The MSPO 2022 defense expo in Kielce, Poland, provided a view into the significant modernization and transformation the Polish Army is going through. Positioned at the eastern edge of NATO, Poland, and the Baltic states could be facing the brunt of a Russian onslaught if hostilities would spill beyond Ukraine. That’s why the country is beefing up its military, modernizing its armed forces, and replenishing hardware handed over to Ukraine with new equipment.
As the venue to show the strength of Poland’s domestic military industries, MSPO highlighted drones, armored vehicles, artillery, air defense, robotics, loitering weapons, small arms, and ammunition. It also highlighted armies’ interest in modernizing current equipment and adapting to implement lessons learned from recent conflicts.
Unmanned aerial vehicles (UAV) are high on the agenda of most armies, with armed drones brought to the center stage. Reflecting on some of the recent combat successes and failures, counter-UAS (both soft and hard kill) and loitering weapons were presented, offering alternatives and countermeasures against armed drones.
Air defenses for mobile forces are a capability gap identified in the recent hostilities in Ukraine and Caucasus. At MSPO, Poland has shown the Pilica, a very short-range air defense (VSHORAD) using a twin 23 mm automatic cannon and Grom or Pirun missiles mounted on a light truck. The locally developed Pirun was delivered to Ukraine and has proven effective in combat against helicopters and fixed-wing aircraft, including UAVs. For wide-area air defense Poland will use the Raytheon MIM-104 Patriot (long/medium range/altitude) and MBDA CAMM as transportable, medium-short range air defense.
Artillery is also receiving its share of interest, primarily in securing the ammunition supply chain, range extension, and introduction of long-range effects using extended-range projectiles, rockets, missiles, and loitering weapons. The Polish military pursues such measures for current and future procurement programs replacing legacy Soviet-era artillery and multiple rocket artillery systems with South Korean K9 SPGs and HIMARS multiple rocket launchers. In recent years the K9 has become the most popular SPG in the west, serving Norway, Turkey, Estonia, and Poland. More prospects are promising – the first shipments of K9s have already been delivered to India; the system is currently being considered for replacing the SA-90 SPG in the British Army. In future versions of the K9, the South Korean manufacturer plans to introduce longer guns, up to 58 calibers.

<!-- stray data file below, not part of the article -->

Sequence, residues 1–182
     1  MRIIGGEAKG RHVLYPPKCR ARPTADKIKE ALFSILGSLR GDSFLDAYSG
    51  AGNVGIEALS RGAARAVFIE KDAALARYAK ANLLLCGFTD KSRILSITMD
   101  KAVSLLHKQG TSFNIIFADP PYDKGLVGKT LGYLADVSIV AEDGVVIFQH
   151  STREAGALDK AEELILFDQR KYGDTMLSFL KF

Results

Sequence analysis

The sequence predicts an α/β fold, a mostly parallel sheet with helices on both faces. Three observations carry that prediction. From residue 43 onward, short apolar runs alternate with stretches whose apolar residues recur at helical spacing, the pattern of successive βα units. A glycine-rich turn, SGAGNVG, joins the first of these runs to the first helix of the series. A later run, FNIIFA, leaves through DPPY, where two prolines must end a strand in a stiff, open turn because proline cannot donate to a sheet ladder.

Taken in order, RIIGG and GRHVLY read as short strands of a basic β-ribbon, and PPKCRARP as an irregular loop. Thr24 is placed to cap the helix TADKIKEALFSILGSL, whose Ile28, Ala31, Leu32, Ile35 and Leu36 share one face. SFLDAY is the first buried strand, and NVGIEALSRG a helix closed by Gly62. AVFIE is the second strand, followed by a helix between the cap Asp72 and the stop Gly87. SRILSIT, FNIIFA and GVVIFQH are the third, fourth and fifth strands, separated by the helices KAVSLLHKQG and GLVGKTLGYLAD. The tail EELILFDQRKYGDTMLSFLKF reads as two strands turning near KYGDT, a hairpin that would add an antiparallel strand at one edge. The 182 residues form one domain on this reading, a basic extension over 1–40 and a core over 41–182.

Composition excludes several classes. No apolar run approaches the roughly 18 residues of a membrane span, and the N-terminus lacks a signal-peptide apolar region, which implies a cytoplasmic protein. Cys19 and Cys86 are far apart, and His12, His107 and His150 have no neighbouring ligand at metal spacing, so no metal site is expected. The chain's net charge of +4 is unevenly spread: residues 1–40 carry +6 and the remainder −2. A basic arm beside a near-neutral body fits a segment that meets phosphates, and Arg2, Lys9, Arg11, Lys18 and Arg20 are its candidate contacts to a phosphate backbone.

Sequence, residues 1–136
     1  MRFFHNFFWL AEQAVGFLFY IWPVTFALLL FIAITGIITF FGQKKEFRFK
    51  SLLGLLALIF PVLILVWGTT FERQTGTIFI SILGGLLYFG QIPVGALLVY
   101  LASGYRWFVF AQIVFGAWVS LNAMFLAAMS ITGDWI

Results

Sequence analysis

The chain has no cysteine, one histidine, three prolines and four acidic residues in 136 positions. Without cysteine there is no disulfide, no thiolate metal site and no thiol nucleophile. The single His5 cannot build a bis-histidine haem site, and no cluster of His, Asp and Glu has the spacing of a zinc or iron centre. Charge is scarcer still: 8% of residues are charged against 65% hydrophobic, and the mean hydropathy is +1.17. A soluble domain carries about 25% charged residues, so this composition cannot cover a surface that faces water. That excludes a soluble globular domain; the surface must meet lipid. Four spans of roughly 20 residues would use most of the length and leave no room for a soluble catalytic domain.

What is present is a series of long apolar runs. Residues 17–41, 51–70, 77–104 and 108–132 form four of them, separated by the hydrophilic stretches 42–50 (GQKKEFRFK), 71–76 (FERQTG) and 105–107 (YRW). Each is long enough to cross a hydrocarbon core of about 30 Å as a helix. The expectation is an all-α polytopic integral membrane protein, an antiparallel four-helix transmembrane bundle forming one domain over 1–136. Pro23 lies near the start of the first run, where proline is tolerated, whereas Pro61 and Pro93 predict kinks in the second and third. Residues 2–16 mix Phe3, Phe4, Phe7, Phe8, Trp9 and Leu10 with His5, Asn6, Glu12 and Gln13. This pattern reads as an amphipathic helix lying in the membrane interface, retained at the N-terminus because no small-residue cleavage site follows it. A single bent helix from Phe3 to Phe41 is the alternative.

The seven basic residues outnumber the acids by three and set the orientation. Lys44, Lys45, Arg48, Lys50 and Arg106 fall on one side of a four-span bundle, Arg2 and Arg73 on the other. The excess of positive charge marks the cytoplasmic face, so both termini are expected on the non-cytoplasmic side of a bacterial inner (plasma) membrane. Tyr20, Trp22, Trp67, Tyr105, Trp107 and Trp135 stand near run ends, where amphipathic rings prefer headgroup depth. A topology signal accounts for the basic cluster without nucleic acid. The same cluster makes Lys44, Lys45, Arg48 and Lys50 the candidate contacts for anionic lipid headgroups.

The artillery is also transformed with the introduction of precision fire capability. At MSPO, several companies displayed guided projectiles, rockets, and missiles. Hanwa has displayed the CHUNMOO – a truck-mounted rocket launcher that carries twice the rocket load of the American HIMARS. CHUNMOO can launch 12x239mm GMLRS class rockets or deploy two ATACMS-class guided missiles, each with a diameter of 607mm, enabling the rocket artillery systems to launch tactical ballistic missiles, engaging targets at a long range with high precision. The Turkish Roketsan company has displayed guided rockets designed for 122, 230 mm rockets, and the Ukraine company Luch displayed the Vilkha, a modification of the R624M rocket equipped with pyrotechnic thrusters to compensate for the rocket trajectory and achieve higher precision fire with BM30 (Smerch) MRLs. This capability enables a single BM-30 to engage eight different targets in a single salvo.
A recent success of a Korean program in Poland was the selection of the K2 main battle tank to equip the Polish armored forces. Poland is rapidly replacing its T72s with advanced tanks. The Koreans responded quickly and committed to delivering 180 K2 tanks by 2024. Up to 1000 tanks are being procured. These include K2 tanks currently produced by Hyundai-Rotem for the Korean Army. Follow on orders of 820 improved versions (K2PL) tanks of this type will follow beginning in 2026 as the Polish industries ramp up production of this tank. Other tanks being procured by Poland include 146 Leopard 2, locally modernized to the 2PL standard by 2026, and 250 American Abrams M-1A1/A2-SEPV3 MBTs which will also be delivered by 2026. These tanks will be augmented by recovery tanks, bridge layers, and breaching vehicles. Mechanized infantry units will also receive a new armored vehicle – Borsuk, designed and built in Poland. Rosomak, the locally-built version of the Finnish AMV, is also accepting further modifications, including a 30mm turret and 120 mm mortar. The new Waran 4×4 vehicle was selected to be equipped as a tank destroyer using four British Brimstone missiles.